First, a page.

This day started off after and 3+ hour backpack in to Como Lake the previous afternoon in a rain storm. My truck made it about 1.5 miles up the Como road before I decided to just walk in. By showing up on the Como road late Saturday afternoon I was witness to the droves of vehicles that had made it to various distances up the road at the beginning of this Labor Day weekend. The most amazing sight was how far a Suzuki Sidekick made it up the road, I guess with its short frame and wheelbase it could just about drive around any obstacle. The road is quite notorious for vehicle carnage, so if you need more information check out a 4X4 trail website.

Sunday morning, I woke up to clear skies, but that was soon to change. The hike up to the endless rock pile was easy, but once on the rocks, the trail became very difficult where foot placement and weighting was key. During the rain storm the previous day, it was actually snowing up above the 12,500 foot mark. So once on the rock pile up Blanca, I encounter a thin layer of ice covering the surface of all the rocks. Adding insult to injury the clouds moved it at this point and obstructed my view of Blanca's summit. There are many cairned routes up Blanca and I think the best possible route is to stay in the middle of the large talus face on Blanca and then traverse to Blanca Northwest ridge before gaining the summit. There were numerous hikers turning around at this point, but I felt determined and I was prepared having brought my winter gear for this weekend. Some hikers were not so well prepared, a hooded sweatshirt with no hat or gloves doesn't cut it.

After summiting and making the careful and slow descent off of Blanca I made it down to a clearing were I knew I had seen a good cairn path to Ellingwood. I presume that there is a higher traverse that stays above the year-around snow field, however in zero visibility I was not going to take a chance. Once at the base of the snowfield the clouds ended up drifting in and out making it a little easier to see. The climb up Ellingwood goes up the West side of the snow field rather steeply, onto some rock ledges and then a long traverse all the way to the summit. By the time I came off of Ellingwood the visibility had improved greatly and the rest of the day was perfect.

This day was the crux of the entire trip, Little Bear was the last of my class 4 climbs. Little Bear is grouped among the most feared of 14ers, mainly because of traffic issues that make climbing dangerous. The rock chutes on the a climb of Little Bear lend themselves to the occurrence of rock debris pin-balling its way down the slope on to climbers below. This morning I passed some other hikers right at the lake and then stayed ahead of them all the way to the summit. The first part of the climb takes you up a loose sand and large boulder couloir to the West ridge of Little Bear. Once up the couloir the trail stays off the ridgeline on the backside and traverse all the way to the second notch/alternate couloir on Blanca. The trail continues to traverse over and underneath the ("bowling alley", "hour glass", "rock chute"... pick one). At this point I found a rope left hanging in the middle of the gully where water was running. The hardest part of the climb is the 20ft. right at the solid rock surface.  The combination of water and sand on this solid rock surface makes for a difficult 20 ft. of climbing. After you get up past this section, in one fashion or another, the main trail stays to the left, over to a ridgeline, and then up to the right along the ridgeline to the summit. The trail only takes one slight deviation from the ridge near the top, where it does an traverse over the main gully and then back to the summit.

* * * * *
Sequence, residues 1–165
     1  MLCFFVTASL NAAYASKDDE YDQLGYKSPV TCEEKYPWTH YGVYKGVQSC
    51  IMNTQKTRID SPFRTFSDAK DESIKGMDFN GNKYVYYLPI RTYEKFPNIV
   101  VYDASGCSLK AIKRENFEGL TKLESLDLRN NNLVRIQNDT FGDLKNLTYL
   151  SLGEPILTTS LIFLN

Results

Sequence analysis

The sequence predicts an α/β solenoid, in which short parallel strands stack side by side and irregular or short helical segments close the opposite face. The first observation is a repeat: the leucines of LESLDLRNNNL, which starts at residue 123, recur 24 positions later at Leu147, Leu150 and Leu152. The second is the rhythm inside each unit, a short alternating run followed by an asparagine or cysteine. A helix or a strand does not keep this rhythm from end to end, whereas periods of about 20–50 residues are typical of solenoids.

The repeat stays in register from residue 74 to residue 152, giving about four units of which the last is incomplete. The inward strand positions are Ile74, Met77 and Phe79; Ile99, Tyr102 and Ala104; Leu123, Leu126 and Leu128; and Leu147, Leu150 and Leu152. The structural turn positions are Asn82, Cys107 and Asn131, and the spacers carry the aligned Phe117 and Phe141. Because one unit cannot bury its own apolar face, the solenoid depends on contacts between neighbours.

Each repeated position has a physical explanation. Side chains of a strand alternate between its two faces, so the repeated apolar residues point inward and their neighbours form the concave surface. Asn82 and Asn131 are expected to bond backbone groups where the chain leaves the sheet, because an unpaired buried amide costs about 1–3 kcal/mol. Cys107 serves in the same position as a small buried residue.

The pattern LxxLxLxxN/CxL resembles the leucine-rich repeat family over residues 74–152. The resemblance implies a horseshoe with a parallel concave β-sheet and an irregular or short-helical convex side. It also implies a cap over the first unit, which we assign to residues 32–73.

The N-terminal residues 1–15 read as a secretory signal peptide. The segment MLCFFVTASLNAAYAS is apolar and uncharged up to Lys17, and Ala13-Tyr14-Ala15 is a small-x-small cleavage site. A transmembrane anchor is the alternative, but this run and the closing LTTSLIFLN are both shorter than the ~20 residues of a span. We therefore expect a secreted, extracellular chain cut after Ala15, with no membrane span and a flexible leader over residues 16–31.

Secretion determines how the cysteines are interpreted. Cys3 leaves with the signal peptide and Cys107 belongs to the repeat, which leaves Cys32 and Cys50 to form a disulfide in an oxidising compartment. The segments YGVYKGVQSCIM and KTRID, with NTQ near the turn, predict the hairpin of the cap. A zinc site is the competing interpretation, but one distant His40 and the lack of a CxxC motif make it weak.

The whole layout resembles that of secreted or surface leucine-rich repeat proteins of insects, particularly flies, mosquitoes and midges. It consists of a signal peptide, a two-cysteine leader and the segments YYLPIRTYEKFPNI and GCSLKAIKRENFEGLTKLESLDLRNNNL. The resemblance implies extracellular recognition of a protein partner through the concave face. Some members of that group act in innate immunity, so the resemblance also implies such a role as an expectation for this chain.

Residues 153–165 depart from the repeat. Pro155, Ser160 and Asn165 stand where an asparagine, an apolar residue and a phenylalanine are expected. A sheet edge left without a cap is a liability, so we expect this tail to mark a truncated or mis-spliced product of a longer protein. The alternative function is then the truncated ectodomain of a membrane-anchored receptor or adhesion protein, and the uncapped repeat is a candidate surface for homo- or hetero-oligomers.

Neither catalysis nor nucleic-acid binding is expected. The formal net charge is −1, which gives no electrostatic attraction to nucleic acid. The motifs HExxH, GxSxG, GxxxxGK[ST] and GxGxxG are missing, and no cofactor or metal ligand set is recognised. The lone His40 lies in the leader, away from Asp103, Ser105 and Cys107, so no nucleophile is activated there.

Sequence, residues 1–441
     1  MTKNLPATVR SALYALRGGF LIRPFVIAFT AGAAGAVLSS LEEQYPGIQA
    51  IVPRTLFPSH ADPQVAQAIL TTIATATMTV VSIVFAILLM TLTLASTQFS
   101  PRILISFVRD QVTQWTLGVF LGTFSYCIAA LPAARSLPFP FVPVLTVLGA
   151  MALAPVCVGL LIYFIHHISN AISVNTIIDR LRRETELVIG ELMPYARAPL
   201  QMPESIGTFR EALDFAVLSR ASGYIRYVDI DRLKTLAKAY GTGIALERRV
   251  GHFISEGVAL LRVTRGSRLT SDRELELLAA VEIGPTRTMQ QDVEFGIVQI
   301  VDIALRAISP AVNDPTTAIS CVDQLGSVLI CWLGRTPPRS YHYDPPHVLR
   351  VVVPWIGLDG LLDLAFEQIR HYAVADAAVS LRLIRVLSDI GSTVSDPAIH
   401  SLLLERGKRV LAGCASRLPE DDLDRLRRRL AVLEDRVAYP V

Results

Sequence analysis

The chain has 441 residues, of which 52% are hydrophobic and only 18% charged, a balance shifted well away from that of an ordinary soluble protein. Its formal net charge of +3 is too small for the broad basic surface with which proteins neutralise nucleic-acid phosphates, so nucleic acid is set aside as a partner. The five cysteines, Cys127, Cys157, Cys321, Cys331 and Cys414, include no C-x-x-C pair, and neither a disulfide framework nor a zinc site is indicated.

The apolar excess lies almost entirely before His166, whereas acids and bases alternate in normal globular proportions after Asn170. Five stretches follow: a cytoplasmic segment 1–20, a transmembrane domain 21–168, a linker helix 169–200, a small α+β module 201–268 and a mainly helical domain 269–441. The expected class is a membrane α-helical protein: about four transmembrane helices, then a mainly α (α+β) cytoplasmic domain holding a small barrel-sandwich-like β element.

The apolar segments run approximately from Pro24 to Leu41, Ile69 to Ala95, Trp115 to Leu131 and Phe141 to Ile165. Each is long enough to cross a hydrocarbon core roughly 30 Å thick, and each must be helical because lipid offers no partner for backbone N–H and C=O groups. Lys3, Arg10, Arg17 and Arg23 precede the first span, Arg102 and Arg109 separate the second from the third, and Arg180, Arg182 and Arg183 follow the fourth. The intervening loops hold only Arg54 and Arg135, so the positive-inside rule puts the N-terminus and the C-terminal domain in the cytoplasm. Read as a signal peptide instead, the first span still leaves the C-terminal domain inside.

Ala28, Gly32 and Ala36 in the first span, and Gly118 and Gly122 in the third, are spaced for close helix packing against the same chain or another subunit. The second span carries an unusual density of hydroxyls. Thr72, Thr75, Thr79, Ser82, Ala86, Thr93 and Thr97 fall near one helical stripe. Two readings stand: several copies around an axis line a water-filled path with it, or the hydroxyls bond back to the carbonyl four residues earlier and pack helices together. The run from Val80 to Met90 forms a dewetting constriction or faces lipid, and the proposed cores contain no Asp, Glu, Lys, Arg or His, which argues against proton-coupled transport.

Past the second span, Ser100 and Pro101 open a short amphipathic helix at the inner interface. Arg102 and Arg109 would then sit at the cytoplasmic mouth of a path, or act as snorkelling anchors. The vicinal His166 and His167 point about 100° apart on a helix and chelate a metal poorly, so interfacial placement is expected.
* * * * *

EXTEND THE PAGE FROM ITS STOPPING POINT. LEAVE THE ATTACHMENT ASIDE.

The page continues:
The views off of Little Bear were absolutely incredible, my pictures could not even get close to the view I was experiencing. I was above the clouds looking out over a sea of white fluff where only the tops of the Sand Dunes and Crestone group could be seen basking in the early morning sun. I was lucky to find that the two climbers behind me were on their way across the ridgeline to Blanca and on their way to doing the whole triad in one day, so that I could proceed back down the gully without worrying about them knocking roak down on me during their decent. The way down went better then up, surprisingly enough, however the last 20ft.out of the "hour glass" was still equally as difficult from the top side. The only other climbers I passed this day, were a couple who had just come up the couloir which gives you access to Little Bear's West ridge.

I made it back to camp, packed up, and headed for the truck before an afternoon storm could make the hike back down Como road any worse.